Facing Death Together
by Alison Price / Iffat Rizvi
In one way I shouldn't have been surprised at the make-up of the congregation because it reflected the various faith communities who live in the parish in which I serve as Vicar. The surprise was that they were in my church and I was officiating at a funeral of a murdered woman whose mother is a Sikh and father a Muslim.
[God] will wipe every tear from their eyes. Death will be no more;
mourning and crying and pain will be no more
The young woman had been murdered back in March. Shockwaves had quickly run through the local community as the news of the death of this twenty-five-year-old trickled out.
Her family live opposite my church and I was on nodding acquaintance with them. Once I heard the news I went over to visit them. It was heart-breaking to see the mother struggling to accept that her only daughter was dead and comprehend the 'how?' and the 'why?' of the tragedy.
Recognise that there is only one race and that is of human beings.
On an overcast Friday morning in May 2003, as usual for a church funeral, I led the coffin through the west doors and down the long aisle to the chancel steps. On this long journey I had time to reflect on why my heart was beating faster than normal. It was because this funeral was not going to be a 'run of the mill' service, and as I reached the chancel steps and turned to face the congregation the visual impact highlighted its uniqueness. First, there were many young people in the congregation, reflecting the age of the deceased and the tragic circumstances in which she had lost her life; and second, there was a sea of pale-coloured saris.
I was a little surprised but rather pleased to be asked by the family to take the funeral: to be the officiant at this service was going to be challenging on many levels. My overriding objective was to support these members of my parish who had come to me for help in their terrible time of need. At the same time, I needed to maintain my own integrity as an Anglican priest.
The mother and I had a number of meetings and gradually the funeral service started to take shape. One of the early problems was that we didn't know when the funeral would take place, because the body wasn't being released by the coroner before all the forensic and autopsy requirements had been carried out. This wait was hard enough in itself, but in Muslim tradition the body of a deceased person should be interfered with as little as possible and the funeral should be within twenty-four hours of the death. This funeral took place sixty-two days after the death.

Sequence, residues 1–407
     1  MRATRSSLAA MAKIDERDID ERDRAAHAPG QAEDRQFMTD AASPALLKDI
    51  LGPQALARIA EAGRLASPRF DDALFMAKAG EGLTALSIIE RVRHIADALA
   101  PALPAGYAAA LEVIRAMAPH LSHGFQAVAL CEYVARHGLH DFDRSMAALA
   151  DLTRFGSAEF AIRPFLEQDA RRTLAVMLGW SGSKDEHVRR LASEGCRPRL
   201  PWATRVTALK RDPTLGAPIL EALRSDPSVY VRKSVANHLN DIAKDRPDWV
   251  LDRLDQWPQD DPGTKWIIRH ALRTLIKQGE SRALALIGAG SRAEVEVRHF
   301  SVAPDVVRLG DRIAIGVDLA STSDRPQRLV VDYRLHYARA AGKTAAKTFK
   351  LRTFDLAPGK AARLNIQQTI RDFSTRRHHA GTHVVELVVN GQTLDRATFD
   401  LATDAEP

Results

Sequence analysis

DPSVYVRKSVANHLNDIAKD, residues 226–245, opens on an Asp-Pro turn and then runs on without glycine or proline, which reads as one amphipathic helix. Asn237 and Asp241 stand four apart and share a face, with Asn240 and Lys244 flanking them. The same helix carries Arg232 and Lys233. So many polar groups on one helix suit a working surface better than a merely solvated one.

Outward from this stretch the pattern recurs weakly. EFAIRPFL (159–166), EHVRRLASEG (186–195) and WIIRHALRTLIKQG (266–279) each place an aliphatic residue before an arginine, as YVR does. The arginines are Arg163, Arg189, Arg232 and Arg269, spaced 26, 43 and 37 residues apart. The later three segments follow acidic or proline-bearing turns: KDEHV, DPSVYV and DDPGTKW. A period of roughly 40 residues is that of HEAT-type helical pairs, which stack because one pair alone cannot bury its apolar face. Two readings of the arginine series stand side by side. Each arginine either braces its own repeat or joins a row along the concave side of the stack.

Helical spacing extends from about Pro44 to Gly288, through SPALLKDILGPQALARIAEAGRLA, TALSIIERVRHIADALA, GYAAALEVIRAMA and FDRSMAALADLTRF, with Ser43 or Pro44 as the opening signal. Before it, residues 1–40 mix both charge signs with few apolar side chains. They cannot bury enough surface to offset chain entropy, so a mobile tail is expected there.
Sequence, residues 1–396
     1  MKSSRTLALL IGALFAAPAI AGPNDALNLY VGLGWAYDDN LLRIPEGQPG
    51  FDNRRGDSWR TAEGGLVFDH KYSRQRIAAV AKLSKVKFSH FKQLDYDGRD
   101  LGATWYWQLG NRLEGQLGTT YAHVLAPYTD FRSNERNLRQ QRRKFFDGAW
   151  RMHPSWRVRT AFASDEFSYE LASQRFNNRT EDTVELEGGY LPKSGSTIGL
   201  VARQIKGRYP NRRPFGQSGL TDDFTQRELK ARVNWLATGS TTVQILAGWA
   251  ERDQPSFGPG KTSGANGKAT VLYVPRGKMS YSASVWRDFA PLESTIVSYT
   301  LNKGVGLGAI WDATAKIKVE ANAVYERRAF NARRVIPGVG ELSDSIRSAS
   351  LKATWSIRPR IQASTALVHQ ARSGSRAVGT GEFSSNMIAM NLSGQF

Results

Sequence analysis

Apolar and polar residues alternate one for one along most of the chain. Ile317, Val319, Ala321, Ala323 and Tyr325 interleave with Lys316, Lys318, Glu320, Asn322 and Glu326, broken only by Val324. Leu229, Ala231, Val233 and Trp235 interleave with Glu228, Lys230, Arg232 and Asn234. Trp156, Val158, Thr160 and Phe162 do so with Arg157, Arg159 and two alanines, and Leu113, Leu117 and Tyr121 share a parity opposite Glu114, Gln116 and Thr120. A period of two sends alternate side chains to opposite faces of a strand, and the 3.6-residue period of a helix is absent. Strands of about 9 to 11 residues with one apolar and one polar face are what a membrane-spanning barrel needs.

My meetings with the mother were in her front room where a large picture of her daughter was on display surrounded by flowers. The photograph reflected the mother's description of her daughter: beautiful and happy with her life before her. It seemed that the daughter didn't practise any particular religion but she was a spiritual person and was moved by living in the shadow of my church. Many of her friends wanted to make contributions to the service as a way of paying their respects to the friend they had so unexpectedly lost in the small hours of a March morning: so this humanitarian dimension, along with the Sikh and Muslim traditions and my own Christian integrity, had to be included in the service. Bearing all this in mind, the funeral service sheet was entitled 'A Funeral and Humanitarian Service'.
I needed to go back to basics and remind myself what a funeral service is aiming to do. First, it is to commend the deceased to God; second, to bring comfort to the family; and third, for the body to be disposed of with respect and dignity. Starting with the final point: for Muslims a body must be buried with the deceased facing the holy city of Makkah, and for Sikhs the ideal is cremation with the ashes submerged in a river. The final decision was that the deceased was to be placed in an above-ground vault.
In the Christian tradition we commend the soul of the deceased to God through Jesus Christ who through his resurrection opened the gate of heaven to all who believe, so that the deceased can enjoy eternal life with God. Muslims too believe in eternal life and that the soul leaves the body at the moment of death; and prayers include asking for God's mercy to be with the departed. The words from the Qur'an used at the graveside have the same flavour as the Christian words of committal.
bringing comfort to the bereaved is not channelled through the traditions of a particular faith but rather through secular music that held significance for the deceased and through tributes about his or her life.
Sikhs see death as a natural process and according to God•s will, and prayers over the body are said in this vein. The soul does not die; rather, death is a progression of the soul on its journey to God through a series of rebirths.
For many today, bringing comfort to the bereaved is not channelled through the traditions of a particular faith but rather through secular music that held significance for the deceased and through tributes about his or her life. With all funerals I believe there needs to be a balance; purely focusing on secular songs and being told how nice and kind a person was provides little of substance for those grieving to focus on and a rather superficial understanding of hope and comfort.